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I know nothing about code.

We've had our old iOS developer drop out and we're looking for a new developer or a team to pick up where he has left off.

I'm aware there can be issues with developers inheriting code etc.

What are some questions that I can ask my old developer to better help the new developer understand what stage the code is at, what needs working on etc etc. Just general type questions? So that when I meet with potential new developers I can hand them a 'fact sheet' of where the code is at form the old developer.

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migrated from stackoverflow.com Jul 12 '11 at 4:42

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What is your role at the company? –  Job Jul 12 '11 at 23:31
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In some situations it may be appropriate to ask, "What the hell were you thinking?" –  zzzzzzzzzzzzzzzzzzzzzzzzzzzzzz Feb 10 '12 at 17:03
    
I'd ask "where do you live, and do you have an alarm?" –  Wyatt Barnett Feb 14 '12 at 13:13

7 Answers 7

A few things to ask/document (may or may not be what you're looking for):

  • What 3rd party libraries/tools/etc are used?
  • How do you build it? Anything special required for a build?
  • What are the valid targets for the build (OS, version, etc)? (from World Engineer's comment)
  • Where is the source located? How is change managed (releases, branches, etc)?
  • High-level overview of the application architecture
  • Any gotcha areas (hard to understand areas, etc)
  • Anything out of the ordinary, where it may not be immediately obvious why something is implemented the way it is
  • Are all defects documented somewhere? Do they have any documentation on hints to correct? Which defects would be good to fix to start getting acquainted with the code?
  • Are all feature requests documented somewhere? Is there any design documentation for the enhancements?
  • Are there any technical specifications?
  • Any required reading to help get up to speed (3rd party documentation, etc)
  • Any areas of the application that need to be reviewed or updated (fix technical debt)?
  • Are all conventions and standards used documented and well known?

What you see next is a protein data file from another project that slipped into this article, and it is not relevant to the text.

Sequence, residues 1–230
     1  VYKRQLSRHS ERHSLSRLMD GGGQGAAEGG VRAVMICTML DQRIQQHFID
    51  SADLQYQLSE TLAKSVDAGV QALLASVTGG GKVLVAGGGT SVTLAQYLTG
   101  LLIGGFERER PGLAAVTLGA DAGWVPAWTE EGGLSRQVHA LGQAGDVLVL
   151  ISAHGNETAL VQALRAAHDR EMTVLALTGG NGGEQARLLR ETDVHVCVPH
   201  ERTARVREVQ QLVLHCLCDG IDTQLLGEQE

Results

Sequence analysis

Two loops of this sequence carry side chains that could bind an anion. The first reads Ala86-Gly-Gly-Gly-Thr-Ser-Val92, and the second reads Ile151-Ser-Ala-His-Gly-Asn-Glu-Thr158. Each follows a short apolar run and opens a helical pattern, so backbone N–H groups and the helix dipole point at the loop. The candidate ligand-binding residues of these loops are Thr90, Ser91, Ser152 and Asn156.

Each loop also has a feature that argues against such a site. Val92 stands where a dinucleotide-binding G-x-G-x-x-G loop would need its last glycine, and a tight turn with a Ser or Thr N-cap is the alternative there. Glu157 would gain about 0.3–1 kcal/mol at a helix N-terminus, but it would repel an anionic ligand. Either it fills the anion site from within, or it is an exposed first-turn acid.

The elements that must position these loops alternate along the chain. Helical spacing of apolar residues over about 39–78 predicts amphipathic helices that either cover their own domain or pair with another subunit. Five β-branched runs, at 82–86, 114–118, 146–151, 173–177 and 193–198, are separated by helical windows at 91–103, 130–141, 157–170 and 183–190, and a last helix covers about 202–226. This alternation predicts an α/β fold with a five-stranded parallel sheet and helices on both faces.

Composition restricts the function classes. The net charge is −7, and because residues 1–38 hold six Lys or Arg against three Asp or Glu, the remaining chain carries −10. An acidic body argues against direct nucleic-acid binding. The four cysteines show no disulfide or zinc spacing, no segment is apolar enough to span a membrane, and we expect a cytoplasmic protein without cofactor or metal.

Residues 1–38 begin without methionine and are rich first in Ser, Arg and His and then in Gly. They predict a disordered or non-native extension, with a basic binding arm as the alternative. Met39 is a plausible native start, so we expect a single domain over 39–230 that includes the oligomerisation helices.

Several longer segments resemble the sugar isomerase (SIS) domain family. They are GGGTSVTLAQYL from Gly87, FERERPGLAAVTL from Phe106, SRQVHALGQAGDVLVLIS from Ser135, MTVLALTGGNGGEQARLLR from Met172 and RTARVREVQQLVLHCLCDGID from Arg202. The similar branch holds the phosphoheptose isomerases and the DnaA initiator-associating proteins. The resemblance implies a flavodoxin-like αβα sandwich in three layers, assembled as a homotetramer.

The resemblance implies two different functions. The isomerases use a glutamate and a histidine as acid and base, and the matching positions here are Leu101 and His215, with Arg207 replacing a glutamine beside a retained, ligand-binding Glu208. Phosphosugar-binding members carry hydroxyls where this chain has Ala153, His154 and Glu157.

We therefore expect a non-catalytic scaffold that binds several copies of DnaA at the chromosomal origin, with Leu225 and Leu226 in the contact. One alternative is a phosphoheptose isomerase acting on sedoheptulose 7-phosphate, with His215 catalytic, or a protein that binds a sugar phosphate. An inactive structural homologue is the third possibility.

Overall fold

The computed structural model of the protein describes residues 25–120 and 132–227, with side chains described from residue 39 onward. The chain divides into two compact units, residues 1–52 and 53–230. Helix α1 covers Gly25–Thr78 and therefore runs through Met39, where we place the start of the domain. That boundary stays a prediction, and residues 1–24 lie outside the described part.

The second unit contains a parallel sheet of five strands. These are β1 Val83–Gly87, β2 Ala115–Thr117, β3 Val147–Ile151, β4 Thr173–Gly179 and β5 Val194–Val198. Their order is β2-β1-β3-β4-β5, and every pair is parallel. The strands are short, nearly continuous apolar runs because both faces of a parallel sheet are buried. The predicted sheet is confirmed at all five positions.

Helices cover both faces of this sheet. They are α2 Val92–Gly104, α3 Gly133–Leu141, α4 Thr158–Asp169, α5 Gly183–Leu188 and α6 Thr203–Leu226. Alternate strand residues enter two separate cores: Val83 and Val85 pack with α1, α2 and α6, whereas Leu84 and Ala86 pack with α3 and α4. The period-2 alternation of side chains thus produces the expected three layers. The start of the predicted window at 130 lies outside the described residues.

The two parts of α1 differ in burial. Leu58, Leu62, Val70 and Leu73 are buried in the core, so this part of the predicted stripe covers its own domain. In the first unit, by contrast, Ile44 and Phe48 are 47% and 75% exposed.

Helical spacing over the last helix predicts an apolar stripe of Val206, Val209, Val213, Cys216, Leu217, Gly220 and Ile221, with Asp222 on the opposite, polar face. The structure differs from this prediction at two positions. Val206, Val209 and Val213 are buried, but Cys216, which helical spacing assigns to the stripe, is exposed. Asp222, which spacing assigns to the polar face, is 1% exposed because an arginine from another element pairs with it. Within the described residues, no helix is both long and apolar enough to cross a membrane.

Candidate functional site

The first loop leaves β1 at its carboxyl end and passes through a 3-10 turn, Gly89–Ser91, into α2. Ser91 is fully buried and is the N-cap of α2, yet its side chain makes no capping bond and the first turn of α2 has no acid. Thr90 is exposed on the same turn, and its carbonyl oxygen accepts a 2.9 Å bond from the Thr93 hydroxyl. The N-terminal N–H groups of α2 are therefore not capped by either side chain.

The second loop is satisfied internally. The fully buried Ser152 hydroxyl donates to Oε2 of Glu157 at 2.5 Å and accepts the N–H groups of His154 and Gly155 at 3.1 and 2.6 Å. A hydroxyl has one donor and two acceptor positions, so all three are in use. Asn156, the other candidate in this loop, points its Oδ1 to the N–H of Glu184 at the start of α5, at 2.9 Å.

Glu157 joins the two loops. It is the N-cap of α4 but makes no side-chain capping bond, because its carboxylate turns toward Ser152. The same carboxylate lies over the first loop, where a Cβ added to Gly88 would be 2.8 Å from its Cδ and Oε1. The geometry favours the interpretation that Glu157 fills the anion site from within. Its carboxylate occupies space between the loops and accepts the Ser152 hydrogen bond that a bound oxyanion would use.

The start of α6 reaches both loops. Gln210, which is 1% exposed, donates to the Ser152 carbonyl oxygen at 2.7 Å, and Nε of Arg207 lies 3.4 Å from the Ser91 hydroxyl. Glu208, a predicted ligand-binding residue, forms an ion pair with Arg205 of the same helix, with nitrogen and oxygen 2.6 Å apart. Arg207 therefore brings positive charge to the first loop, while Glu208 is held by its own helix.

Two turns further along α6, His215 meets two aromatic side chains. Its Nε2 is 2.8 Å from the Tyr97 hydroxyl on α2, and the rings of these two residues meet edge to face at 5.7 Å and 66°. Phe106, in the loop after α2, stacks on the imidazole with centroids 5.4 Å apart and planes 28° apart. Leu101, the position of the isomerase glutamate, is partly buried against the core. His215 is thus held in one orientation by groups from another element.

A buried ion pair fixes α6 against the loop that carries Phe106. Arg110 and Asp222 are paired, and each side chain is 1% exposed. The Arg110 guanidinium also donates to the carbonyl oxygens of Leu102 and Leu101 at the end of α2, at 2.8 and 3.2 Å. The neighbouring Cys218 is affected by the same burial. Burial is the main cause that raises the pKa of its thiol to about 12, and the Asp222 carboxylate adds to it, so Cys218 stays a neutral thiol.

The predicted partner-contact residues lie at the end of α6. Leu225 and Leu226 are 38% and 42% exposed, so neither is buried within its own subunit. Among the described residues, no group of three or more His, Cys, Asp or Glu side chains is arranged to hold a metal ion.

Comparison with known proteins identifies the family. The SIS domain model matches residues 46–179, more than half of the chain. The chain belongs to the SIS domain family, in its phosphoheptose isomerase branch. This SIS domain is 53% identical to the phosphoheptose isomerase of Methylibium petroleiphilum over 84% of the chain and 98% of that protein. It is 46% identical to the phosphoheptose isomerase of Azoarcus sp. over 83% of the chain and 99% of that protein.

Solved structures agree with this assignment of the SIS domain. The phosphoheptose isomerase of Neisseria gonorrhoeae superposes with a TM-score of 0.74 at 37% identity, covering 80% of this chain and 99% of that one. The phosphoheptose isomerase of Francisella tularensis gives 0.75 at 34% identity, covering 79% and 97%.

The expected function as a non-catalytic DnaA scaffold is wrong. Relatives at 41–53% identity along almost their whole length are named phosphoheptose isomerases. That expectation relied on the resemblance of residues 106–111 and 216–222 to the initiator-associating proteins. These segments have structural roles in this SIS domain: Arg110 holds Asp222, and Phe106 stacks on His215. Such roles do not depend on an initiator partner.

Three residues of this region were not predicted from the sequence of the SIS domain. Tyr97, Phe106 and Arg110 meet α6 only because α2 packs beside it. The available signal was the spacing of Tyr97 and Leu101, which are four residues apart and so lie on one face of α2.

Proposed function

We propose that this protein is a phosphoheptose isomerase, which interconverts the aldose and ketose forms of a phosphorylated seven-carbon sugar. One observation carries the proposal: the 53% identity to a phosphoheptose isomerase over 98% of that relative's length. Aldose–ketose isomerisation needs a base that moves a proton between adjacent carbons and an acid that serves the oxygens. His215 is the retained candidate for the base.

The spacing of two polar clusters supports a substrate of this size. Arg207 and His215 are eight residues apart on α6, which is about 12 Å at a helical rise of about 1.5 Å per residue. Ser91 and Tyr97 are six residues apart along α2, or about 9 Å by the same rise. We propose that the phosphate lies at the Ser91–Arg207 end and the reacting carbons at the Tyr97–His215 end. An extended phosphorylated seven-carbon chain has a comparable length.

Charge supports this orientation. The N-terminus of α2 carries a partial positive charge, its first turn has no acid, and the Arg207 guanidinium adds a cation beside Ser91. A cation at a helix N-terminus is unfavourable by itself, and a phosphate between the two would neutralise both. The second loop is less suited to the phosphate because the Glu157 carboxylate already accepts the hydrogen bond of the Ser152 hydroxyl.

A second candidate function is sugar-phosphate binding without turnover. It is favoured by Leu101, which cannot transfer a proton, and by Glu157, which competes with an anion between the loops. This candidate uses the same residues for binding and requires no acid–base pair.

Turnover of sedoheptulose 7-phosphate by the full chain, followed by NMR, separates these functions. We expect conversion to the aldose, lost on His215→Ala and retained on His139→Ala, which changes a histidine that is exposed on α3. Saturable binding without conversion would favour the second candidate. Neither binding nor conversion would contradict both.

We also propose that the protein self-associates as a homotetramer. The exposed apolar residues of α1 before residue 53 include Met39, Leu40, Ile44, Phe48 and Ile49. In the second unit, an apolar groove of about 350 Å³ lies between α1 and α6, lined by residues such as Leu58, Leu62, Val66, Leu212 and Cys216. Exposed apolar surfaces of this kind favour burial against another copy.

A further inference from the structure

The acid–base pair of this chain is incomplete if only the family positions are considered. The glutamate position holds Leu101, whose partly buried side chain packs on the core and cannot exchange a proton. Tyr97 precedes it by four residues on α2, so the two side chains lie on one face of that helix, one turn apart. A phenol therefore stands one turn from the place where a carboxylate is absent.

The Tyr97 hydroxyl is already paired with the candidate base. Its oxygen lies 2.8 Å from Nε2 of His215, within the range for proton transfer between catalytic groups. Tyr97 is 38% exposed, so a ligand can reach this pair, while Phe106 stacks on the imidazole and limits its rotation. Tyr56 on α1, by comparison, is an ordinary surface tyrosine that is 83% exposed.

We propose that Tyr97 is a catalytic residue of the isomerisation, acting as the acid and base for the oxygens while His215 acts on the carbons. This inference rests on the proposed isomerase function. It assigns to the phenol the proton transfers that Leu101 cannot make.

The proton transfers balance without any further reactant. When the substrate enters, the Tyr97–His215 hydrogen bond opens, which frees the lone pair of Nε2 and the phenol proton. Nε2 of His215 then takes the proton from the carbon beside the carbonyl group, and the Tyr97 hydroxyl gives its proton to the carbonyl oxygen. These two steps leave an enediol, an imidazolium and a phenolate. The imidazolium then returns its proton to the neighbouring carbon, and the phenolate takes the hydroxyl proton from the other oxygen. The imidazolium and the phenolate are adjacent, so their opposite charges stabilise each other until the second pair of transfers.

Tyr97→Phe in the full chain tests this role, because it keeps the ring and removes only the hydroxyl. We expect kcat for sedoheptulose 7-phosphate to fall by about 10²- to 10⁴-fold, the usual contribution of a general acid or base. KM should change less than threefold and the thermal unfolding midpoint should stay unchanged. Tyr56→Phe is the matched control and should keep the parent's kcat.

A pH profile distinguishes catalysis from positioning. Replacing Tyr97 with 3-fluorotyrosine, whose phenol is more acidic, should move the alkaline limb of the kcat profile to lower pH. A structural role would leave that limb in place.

I'm sure you'll get more, but I hope you find some of these helpful.

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Thanks Michael, very very helpful! :D –  Scott Townsend Jul 12 '11 at 5:01
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Make sure in particular to cover the target iOS version. I can't even begin to count the numbers of times this blew up in my face last semester. –  World Engineer Jul 12 '11 at 5:49
    
@World Engineer - excellent point; I added it to the list. –  Michael Dean Jul 12 '11 at 14:38
    
Be sure to ask for the developer's own documentation and source code - hopefully in a repository with a helpful change log. –  rlb.usa Jul 12 '11 at 19:06
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@MichaelDean - You forgot to list "how do you build it?" which is likely one of the most important questions to ask. Having instructions that the next guy can follow will help. –  Ramhound Feb 10 '12 at 15:53

When I was in the same situation, I would have most benefitted from being told what parts of the application to really focus on as the keystone to learning the app. A lot of reading someone else's code is going to be involved regardless, but might as well be given a "table of contents" for that reading.

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Great thanks for that! So you're saying a table of contents for the code itself? Cheers –  Scott Townsend Jul 12 '11 at 4:53

While Michael Dean has already given a pretty comprehensive answer, I will add one further piece of advice, as I assume your old developer isn't going to be around to do a hand over when the new developer starts:

  • Sit down with the existing developer and work through compiling the code from scratch, documenting the procedure yourself.

You don't need to understand the code to do this, you just need to step through setting up the development environment, checking out the source code, compiling it and running the test suite.

Don't let the developer sit at the computer - do every step yourself and document every detail, especially the but you probably shouldn't need to do that again steps.

This can all be a mechanical dummy's guide (i.e. download X, install it, then install Y & Z before checking out the code using the V option on the W menu etc.), but it could save your new developer weeks of messing around, trying to work out how the old developers build environment was set up.